InDaily InDaily

Support independent Journalism Donate Subscribe
Support independent journalism


Coronavirus: What we know today, June 25


Follow this post for rolling updates on the impact of the coronavirus in South Australia, the nation and the world.

Print article

Refresh this page for updates – scroll down for links to official health information.


$250m support package for arts but critics say too little, too late

Artists and entertainers will be able to apply for a slice of a $250 million support package to help the sector recover from coronavirus restrictions.

The package is made up of grants and loans, with a focus on helping touring artists, actors and producers on the stage and screen.

Prime Minister Scott Morrison has acknowledged the sector was one of the earliest hit by coronavirus restrictions and will be among the last to return to normal.

He says the package will help a range of jobs throughout the sector while helping tourism and hospitality more broadly.

“This package is as much about supporting the tradies who build stage sets or computer specialists who create the latest special effects, as it is about supporting actors and performers in major productions,” he said.

Critics say it’s far too little, too late.

Read the full story here.

No new cases in South Australia

There were no new infections in South Australia on Thursday, according to SA Health.

More than 143,000 tests have been undertaken in South Australia, with 440 cases reported in total, and none currently active.

Victoria cases surge again as Morrison urges restrictions lift

Prime Minister Scott Morrison has urged states to forge ahead with lifting restrictions despite Melbourne’s surge in coronavirus infections.

Victoria recorded 33 new cases on Thursday, sparking a testing blitz across 10 hotspot suburbs.

More than 1000 military personnel have been called in to help deal with the outbreak, which Premier Daniel Andrews described as a public health bushfire.

Morrison said Australia was well equipped to deal with infection spikes.

“There are a few challenges in Melbourne at the moment but as we said, there will be outbreaks,” he told reporters on Thursday.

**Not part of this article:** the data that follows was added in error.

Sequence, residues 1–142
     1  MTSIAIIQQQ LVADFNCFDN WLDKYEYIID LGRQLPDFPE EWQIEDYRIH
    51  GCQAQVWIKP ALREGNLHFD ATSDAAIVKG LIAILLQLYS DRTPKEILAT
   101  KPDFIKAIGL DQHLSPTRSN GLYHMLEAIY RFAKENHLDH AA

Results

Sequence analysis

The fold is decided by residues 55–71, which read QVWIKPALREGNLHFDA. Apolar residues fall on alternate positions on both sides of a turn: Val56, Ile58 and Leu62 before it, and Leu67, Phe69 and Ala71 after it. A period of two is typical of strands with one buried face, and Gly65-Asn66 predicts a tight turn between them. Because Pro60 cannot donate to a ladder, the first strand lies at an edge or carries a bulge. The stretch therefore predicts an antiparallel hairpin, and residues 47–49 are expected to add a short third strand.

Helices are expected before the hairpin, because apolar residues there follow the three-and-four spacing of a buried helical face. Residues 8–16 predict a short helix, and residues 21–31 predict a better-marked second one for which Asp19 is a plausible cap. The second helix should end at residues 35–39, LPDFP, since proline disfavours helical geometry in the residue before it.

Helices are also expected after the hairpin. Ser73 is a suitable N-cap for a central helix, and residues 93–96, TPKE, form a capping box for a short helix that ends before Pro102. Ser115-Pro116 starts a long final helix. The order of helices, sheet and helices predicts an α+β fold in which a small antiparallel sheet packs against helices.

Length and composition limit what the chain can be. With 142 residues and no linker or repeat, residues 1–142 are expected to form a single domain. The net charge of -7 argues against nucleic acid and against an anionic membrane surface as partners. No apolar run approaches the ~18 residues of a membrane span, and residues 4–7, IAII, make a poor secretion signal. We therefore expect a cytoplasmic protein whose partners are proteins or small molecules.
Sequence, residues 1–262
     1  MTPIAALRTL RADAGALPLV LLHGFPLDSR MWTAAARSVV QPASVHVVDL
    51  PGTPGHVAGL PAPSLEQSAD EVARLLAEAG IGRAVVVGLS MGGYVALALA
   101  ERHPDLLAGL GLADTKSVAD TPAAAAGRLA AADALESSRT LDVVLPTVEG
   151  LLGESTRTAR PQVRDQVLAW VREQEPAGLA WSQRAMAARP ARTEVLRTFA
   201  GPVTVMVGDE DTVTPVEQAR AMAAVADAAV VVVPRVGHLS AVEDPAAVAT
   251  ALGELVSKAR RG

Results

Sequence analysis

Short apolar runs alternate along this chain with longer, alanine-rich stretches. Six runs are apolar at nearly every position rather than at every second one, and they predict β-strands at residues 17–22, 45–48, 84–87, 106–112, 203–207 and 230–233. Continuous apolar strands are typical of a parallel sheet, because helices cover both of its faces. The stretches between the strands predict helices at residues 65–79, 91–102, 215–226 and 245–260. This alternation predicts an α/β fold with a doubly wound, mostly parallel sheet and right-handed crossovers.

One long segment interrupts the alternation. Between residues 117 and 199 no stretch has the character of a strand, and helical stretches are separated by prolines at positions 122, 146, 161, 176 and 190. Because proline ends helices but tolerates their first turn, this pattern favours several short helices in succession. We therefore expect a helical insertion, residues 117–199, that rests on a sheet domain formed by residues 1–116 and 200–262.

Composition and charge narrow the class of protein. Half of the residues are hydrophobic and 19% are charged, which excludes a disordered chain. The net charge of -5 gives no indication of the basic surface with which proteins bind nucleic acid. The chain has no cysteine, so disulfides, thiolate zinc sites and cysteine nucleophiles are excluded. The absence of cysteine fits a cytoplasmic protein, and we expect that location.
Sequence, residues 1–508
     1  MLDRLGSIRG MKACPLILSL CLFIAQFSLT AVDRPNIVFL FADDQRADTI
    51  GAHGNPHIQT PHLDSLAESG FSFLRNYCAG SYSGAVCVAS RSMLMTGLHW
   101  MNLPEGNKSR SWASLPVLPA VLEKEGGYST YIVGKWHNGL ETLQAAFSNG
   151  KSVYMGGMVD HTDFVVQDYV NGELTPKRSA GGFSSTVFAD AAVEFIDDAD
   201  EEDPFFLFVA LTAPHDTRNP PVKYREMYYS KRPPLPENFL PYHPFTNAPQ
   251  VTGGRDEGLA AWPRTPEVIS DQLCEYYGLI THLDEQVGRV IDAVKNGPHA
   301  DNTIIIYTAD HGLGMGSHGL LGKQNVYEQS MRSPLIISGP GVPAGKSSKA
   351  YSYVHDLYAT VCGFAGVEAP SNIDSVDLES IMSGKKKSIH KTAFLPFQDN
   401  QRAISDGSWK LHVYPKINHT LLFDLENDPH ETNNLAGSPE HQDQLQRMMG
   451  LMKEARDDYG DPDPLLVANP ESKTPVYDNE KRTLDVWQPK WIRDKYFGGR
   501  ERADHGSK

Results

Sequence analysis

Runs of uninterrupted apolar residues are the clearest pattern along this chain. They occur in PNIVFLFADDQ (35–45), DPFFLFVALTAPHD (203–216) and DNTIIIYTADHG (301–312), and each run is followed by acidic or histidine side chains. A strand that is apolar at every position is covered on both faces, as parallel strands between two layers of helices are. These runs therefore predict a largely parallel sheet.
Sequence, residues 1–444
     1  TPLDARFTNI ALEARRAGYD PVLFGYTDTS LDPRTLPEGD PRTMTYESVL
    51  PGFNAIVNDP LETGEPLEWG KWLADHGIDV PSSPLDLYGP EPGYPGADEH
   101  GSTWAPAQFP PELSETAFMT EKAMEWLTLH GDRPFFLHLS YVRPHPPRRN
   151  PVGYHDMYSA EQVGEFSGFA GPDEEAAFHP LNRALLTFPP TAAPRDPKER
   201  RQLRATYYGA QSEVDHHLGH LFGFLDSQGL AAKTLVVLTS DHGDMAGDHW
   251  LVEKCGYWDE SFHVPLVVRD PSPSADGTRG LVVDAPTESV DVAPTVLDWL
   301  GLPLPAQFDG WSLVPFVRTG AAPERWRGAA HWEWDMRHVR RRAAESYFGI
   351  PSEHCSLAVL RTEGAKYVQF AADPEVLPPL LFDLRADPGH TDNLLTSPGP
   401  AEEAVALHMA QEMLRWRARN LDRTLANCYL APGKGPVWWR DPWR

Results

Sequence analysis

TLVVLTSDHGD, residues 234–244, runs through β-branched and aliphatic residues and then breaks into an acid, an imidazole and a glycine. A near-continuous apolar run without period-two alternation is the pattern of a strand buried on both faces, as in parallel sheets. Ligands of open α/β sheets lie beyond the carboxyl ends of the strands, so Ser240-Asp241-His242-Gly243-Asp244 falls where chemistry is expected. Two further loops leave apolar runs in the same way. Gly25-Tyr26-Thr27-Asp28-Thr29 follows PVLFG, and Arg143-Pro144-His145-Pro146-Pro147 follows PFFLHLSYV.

“We cant go stop, go. Stop, go. We can’t flick the light on and off.”

Qantas axes 6000 jobs to ride out pandemic

Qantas will cut at least 6,000 jobs across all parts of the business including pilots and cabin crew and continue to stand down 15,000 workers as part of its plan to recover from the impact of the COVID pandemic.

Australia’s flag carrier, including Jetstar, has been hit hard by domestic and international flight shutdowns and said it will ground at least 100 aircraft for up to 12 months and cut $15 billion in costs over the next three years.

“We have to position ourselves for several years where revenue will be much lower. And that means becoming a smaller airline in the short term,” Qantas Group CEO Alan Joyce said.

“Most airlines will have to restructure in order to survive, which also means they’ll come through this leaner and more competitive. For all these reasons, we have to take action now.”

Qantas has been operating around domestic capacity at just five per cent of pre-coronavirus levels and is set to scale this up to 15 per cent following an easing in coronavirus-related social and travel restrictions.

It has cancelled all international flights, except for services to New Zealand, until late October, after standing down two-thirds of staff in March.

The airline said around 8,000 of 29,000 staff are expected to return to work by the end of July.

This will likely increase to around 15,000 by the end of 2020 in line with the opening up of domestic flying, and increase further during calendar 2021 and 2022 as the international network returns to reach 21,000 active employees by June 2022.